Prospects for a Hong Kong listing this year for Chinese internet giant Alibaba have dimmed dramatically in the wake of disclosures by investment bankers that the mainland's No1 e-commerce firm is wrestling with how to keep management control  after shares are sold to the public.
Market sources say the desire of chairman Jack Ma Yun to keep clear control of the company he founded in 1999 throws into doubt the likelihood of a Hong Kong share sale given strict listing rules that forbid dual structures that separate voting and ownership rights.
People close to Ma, who founded Alibaba in his hometown of Hangzhou, said the teacher-turned-entrepreneur had planned to move forward quickly with the listing of his Alibaba Group, but that sentiment had changed in recent weeks.
An Alibaba spokesman declined to comment on its plan for an initial public offering.
Market sources say Ma has been planning an IPO of shares in Alibaba Group since August last year, when he de-listed the flagship trade portal Alibaba.com from the Hong Kong stock market.
But that would not happen if he could not keep control of the company, investment banking sources told the South China Morning Post.
Taking into account Ma's personal 7.4 per cent stake in Alibaba, the entire management team owns a combined 10.4 per cent stake in the firm. Japan's SoftBank owns 36.7 per cent and US internet giant Yahoo, 24 per cent, according to official information released by the two.
"The most viable solution for Ma to maintain control over Alibaba's board may be to establish a mutual agreement with the two biggest shareholders, Yahoo and SoftBank, who would agree to appoint Ma or his designated person to manage the company on a daily basis," said Edward Au, a Deloitte partner specialising in China listings. An agreement between Alibaba and its major investors Yahoo and SoftBank is, however, easier said than done.
In 2011, Alibaba and Yahoo had a very public dispute over Chinese electronic payments processing firm Alipay. The two parties later reached an agreement that Alibaba would get paid at least US$2 billion but no more than US$6 billion if Alipay goes public.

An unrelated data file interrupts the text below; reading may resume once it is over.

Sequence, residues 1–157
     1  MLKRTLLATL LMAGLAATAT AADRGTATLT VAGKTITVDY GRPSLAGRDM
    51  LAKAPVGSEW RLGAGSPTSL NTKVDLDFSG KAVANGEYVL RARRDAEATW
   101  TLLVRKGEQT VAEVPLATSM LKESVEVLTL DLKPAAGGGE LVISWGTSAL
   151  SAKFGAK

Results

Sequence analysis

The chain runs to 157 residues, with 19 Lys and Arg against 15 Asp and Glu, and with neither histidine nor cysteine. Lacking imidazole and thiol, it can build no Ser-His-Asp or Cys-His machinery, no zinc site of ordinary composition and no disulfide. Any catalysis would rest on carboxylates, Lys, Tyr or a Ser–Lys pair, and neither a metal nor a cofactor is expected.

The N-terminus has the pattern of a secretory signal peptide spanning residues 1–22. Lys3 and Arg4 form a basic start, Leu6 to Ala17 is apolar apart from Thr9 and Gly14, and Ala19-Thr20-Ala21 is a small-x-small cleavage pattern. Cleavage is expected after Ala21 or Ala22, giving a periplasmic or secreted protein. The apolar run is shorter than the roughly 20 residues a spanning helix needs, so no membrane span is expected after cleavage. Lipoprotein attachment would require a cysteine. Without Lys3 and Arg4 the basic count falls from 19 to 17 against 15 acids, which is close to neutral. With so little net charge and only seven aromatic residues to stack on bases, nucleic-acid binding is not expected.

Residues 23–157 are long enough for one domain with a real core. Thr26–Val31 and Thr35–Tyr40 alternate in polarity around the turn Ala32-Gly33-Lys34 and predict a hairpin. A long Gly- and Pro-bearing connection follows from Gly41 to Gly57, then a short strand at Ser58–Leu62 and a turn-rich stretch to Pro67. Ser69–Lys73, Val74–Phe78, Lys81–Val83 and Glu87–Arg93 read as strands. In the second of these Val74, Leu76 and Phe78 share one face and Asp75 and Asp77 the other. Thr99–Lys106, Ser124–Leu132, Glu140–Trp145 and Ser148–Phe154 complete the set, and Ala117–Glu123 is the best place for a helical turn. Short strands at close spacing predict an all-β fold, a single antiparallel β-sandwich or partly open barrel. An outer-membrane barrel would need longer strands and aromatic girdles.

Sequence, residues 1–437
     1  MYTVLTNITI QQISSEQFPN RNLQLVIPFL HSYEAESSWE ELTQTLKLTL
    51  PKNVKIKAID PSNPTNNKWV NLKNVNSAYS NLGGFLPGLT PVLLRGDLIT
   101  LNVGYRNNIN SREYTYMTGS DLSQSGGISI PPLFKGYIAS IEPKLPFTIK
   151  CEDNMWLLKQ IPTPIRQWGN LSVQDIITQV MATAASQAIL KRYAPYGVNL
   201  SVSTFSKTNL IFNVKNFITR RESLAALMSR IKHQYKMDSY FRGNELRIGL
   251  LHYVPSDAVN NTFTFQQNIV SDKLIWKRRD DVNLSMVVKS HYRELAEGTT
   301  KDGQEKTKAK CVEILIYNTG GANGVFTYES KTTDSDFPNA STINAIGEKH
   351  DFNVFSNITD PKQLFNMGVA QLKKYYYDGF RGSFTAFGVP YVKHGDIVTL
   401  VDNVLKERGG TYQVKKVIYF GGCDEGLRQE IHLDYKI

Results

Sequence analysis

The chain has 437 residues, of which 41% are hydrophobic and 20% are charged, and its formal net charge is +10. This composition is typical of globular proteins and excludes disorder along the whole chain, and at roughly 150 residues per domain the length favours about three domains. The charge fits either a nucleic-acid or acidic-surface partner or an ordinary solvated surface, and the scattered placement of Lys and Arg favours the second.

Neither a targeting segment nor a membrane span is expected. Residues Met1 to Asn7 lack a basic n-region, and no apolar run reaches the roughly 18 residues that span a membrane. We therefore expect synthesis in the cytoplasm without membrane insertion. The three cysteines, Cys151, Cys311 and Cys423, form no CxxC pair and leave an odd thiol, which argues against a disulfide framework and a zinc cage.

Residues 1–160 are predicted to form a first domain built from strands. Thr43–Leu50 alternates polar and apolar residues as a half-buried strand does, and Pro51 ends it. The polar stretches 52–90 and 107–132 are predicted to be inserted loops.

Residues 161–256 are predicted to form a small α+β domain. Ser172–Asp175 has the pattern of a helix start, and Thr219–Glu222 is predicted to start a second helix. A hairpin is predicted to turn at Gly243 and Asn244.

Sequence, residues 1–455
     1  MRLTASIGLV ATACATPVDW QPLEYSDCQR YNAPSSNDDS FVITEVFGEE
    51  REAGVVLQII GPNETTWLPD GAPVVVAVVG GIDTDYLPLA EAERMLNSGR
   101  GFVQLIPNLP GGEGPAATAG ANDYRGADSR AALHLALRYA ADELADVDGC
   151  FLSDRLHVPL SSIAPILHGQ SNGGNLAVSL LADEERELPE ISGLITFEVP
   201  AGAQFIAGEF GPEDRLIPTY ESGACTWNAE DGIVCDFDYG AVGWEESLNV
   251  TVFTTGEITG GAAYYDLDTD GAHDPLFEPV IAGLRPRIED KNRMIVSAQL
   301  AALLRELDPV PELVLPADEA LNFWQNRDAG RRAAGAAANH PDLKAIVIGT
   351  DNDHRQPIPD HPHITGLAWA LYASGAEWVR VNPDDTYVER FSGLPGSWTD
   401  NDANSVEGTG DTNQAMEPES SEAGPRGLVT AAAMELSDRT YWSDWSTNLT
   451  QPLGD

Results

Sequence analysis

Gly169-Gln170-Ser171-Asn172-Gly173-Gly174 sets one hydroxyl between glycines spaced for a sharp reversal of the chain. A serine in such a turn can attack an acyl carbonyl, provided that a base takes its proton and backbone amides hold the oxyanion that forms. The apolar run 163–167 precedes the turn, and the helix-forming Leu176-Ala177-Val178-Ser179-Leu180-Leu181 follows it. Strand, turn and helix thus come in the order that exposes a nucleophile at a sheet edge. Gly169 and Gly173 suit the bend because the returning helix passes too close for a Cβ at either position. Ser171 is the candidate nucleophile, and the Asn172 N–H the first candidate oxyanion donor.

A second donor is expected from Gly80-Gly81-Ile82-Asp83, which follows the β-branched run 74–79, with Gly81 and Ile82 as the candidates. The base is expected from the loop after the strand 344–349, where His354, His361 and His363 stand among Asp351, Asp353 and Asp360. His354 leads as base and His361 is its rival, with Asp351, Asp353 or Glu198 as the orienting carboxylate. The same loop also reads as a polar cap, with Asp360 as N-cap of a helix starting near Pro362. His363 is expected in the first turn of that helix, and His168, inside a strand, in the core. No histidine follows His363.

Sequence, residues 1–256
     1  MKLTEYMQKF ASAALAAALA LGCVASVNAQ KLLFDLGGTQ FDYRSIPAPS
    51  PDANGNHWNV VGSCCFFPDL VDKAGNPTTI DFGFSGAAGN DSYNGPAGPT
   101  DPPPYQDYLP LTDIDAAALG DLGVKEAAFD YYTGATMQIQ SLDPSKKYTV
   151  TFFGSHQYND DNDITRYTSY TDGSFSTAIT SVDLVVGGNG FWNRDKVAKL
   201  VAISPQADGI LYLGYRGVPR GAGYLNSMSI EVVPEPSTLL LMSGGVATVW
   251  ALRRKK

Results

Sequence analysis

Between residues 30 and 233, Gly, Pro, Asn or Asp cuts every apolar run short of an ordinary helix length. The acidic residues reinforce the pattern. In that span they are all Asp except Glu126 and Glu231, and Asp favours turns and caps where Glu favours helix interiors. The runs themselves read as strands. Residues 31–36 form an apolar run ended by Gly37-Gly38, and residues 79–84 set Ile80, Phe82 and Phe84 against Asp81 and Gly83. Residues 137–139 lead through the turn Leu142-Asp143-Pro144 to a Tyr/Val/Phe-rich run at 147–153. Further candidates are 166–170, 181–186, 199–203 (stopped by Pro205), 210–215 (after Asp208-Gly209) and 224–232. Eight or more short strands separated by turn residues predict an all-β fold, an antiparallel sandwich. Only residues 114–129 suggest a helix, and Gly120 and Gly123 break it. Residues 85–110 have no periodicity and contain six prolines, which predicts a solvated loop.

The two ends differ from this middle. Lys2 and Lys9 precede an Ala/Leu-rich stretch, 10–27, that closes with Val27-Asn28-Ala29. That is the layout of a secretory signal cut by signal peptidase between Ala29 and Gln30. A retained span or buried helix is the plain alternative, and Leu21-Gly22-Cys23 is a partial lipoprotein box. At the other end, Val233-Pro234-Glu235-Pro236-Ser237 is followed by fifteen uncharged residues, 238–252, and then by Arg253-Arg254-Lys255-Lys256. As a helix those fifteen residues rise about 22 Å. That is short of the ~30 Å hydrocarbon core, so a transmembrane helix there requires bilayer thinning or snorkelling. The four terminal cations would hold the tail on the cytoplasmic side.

Alipay provides payment processing services to Alibaba Group and its affiliates, including Taobao, a popular consumer-to-consumer portal on the mainland and widely considered one of the jewels of the Alibaba portfolio.
Hong Kong's current listing rules do not allow a so-called "dual class" voting structure as the US market does. The US system allows the management of a company to retain control through shares that have more voting power than publicly traded shares.
In the New York listing of Manchester United last year, the Glazer family, which has owned the English football club since 2005, sold 42 per cent of its Class A shares to public investors, who would get only 1.3 per cent in terms of voting rights. Under the terms of that sale, Class B shares have 10 times more voting power than the publicly traded shares.
The Glazer family had once considered listing in Hong Kong or Singapore before it picked New York.
Some bankers with working ties with Ma said the Hong Kong securities regulator and the city's stock exchange might review and revise its existing listing rules to attract listings of technology firms such as Alibaba in the event of the US market unwinding the dual-class voting structure to cope with rising demand.
Firms like Alibaba are often run by a group of founding members who own minority stakes due to seed investments by other investors during the start-up period, requiring special provisions for control by founders.
Should China's largest e-commence company succeed in hitting a market capitalisation of US$100 billion, it would rank as the third-largest internet firm behind US search giant Google, with a market cap of US$290 billion, and online retailer Amazon. com, at US$133 billion.
The listing of Alibaba could easily run up to US$15 billion, which would be the biggest capital raising in the city this year.